To perform an  Hᾱ decomposition choose “H/A/Alpha Decomposition” from the “Process menu” and select the first option: “Decomposition Parameters”. In the GUI that opens select Alpha, Entropy and Anisotropy options. I usually also select the BMP flags (to create a bitmap that can be easily viewed). I also prefer to choose the Combinations (H,A) option and all the associated combinations (e.g. HA, H(1-A) etc.). These combinations extend the potential of  Hᾱ analysis (see Lee and Pottier, 2009; Fig. 7.13, p. 246). I normally opt for a window size of 7 which I think is a balance between too much spatial averaging and too little. “Run” the process to create the image products selected: you can easily view the results by opening the BMP files (fig. 5). Note: a Pauli Basis image will also be produced!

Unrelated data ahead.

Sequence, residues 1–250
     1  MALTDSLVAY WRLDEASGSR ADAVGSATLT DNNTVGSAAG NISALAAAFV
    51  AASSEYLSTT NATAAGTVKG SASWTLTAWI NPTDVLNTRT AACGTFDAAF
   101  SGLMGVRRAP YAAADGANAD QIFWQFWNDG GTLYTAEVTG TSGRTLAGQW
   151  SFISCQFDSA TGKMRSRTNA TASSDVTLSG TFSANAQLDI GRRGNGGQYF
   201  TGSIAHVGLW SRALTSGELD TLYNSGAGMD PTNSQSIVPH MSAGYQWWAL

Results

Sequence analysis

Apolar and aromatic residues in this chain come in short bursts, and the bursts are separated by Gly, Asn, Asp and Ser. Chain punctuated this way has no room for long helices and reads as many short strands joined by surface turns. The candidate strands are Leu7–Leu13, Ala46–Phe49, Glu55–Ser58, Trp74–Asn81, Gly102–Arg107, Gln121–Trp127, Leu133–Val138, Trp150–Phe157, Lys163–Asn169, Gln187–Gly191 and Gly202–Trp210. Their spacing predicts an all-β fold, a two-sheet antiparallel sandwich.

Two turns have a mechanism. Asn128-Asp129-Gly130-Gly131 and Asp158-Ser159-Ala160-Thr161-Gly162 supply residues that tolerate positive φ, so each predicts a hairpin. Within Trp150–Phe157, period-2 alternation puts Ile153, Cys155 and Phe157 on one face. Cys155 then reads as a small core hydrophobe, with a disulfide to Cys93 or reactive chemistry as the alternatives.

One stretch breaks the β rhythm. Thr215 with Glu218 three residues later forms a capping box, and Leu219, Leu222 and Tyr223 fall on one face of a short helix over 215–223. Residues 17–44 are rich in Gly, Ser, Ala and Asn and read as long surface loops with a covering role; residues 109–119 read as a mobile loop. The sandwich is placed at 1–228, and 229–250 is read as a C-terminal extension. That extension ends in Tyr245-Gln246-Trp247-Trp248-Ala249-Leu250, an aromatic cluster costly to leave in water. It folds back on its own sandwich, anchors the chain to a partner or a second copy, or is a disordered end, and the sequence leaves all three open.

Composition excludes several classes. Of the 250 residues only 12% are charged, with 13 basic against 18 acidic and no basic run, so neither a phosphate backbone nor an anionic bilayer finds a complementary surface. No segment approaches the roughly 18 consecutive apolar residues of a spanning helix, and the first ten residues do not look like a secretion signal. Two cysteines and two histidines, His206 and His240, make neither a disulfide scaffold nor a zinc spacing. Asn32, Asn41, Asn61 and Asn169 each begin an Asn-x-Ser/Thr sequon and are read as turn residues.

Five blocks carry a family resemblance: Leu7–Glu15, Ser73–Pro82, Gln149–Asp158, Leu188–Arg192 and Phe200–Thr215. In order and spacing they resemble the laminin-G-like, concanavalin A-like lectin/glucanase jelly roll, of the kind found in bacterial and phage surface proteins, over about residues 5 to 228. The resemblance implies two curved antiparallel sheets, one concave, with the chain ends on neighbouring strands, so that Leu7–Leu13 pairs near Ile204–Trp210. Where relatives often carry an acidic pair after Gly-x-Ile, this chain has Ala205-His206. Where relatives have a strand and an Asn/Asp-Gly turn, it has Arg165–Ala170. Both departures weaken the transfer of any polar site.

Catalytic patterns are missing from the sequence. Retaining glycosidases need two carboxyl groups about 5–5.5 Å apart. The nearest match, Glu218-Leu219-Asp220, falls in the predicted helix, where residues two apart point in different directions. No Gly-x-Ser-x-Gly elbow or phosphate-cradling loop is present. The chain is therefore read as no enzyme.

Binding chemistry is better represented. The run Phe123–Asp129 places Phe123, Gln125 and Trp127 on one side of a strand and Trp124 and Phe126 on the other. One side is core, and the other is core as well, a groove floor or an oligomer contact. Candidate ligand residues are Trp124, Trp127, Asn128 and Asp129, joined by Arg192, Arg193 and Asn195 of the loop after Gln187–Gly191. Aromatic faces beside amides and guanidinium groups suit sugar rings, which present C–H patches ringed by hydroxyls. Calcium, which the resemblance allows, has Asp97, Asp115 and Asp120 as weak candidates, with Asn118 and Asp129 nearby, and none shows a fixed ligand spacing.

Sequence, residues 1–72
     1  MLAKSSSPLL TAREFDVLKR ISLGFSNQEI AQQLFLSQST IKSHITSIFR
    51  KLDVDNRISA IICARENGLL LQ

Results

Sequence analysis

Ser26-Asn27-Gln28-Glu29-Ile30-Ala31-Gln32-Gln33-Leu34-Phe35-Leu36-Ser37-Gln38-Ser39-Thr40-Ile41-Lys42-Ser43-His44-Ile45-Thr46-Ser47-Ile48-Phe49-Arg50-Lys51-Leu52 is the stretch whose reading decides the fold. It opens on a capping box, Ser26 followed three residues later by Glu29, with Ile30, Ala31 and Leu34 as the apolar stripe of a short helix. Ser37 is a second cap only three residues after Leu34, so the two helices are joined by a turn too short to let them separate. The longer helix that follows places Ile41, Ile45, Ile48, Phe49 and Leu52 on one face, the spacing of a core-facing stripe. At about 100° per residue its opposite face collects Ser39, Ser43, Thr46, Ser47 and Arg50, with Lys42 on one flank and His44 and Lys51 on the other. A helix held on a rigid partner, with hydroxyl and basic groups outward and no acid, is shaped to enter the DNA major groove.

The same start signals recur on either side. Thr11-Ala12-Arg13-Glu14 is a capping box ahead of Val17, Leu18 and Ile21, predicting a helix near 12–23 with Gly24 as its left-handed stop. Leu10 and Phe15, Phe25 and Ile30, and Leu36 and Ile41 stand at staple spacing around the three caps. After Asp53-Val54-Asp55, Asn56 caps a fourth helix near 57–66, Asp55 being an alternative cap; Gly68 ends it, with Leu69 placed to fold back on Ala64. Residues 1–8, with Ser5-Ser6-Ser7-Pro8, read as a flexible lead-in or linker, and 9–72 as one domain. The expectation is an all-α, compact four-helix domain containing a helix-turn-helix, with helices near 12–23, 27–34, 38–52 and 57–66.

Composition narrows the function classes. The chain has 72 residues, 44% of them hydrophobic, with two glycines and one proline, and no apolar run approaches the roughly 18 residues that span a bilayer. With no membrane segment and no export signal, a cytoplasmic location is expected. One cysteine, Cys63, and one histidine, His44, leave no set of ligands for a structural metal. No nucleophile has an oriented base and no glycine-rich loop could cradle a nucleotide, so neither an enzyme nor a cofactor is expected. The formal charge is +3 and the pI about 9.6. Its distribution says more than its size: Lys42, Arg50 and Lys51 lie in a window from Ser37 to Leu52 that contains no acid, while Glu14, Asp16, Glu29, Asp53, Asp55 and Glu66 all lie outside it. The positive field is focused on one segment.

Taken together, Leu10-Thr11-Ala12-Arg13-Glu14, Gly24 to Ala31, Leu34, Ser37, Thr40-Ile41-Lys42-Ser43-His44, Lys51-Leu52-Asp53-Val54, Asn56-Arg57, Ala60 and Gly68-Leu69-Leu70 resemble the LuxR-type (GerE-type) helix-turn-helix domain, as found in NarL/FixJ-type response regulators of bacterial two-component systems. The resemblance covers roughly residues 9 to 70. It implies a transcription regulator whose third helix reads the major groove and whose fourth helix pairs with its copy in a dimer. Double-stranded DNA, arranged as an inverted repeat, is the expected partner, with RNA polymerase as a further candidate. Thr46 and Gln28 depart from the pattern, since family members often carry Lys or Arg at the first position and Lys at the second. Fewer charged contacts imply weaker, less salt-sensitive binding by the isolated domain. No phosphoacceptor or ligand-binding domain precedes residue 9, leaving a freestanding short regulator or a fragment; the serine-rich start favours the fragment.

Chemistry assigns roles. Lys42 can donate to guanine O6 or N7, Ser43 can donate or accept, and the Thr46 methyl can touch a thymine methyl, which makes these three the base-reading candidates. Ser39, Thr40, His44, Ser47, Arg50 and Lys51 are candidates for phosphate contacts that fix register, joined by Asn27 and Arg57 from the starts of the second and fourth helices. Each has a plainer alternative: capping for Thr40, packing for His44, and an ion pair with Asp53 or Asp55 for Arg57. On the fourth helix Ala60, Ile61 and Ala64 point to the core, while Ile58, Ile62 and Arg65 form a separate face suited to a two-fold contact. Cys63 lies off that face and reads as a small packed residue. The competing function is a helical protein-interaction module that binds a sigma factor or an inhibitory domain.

An Entropy image derived from a multilooked, filtered PALSAR dataset. The image has been flipped around the vertical to align the top to an approximate north.

Now you have calcuated  Hᾱ and A you can perform a range of other processes including the Fuzzy C-means Classifier (found under “Process” >”Polarimetric Segmentation ” > “Fuzzy H-Alpha Classifier”. This is a powerful polSAR classification method that in my experience out performs the Wishart approach (though it should be noted you are limited to 8 classes).


p align=”justify”>If you wish to continue processing data you may need to redirect PSP to another directory. To do so use the “Environment” menu. You will probably be using the CAL_LEE directory if you have followed the instructions above and this is the directory of choice for any other image processing operation.

0 0 votes
Article Rating
Notify of

This site uses Akismet to reduce spam. Learn how your comment data is processed.

1 Comment
Newest Most Voted
Inline Feedbacks
View all comments
abhinay rana
abhinay rana
7 years ago

Sir, how do i calculate rows and columns for multi-look resolution?
I am using RISAT-1 data.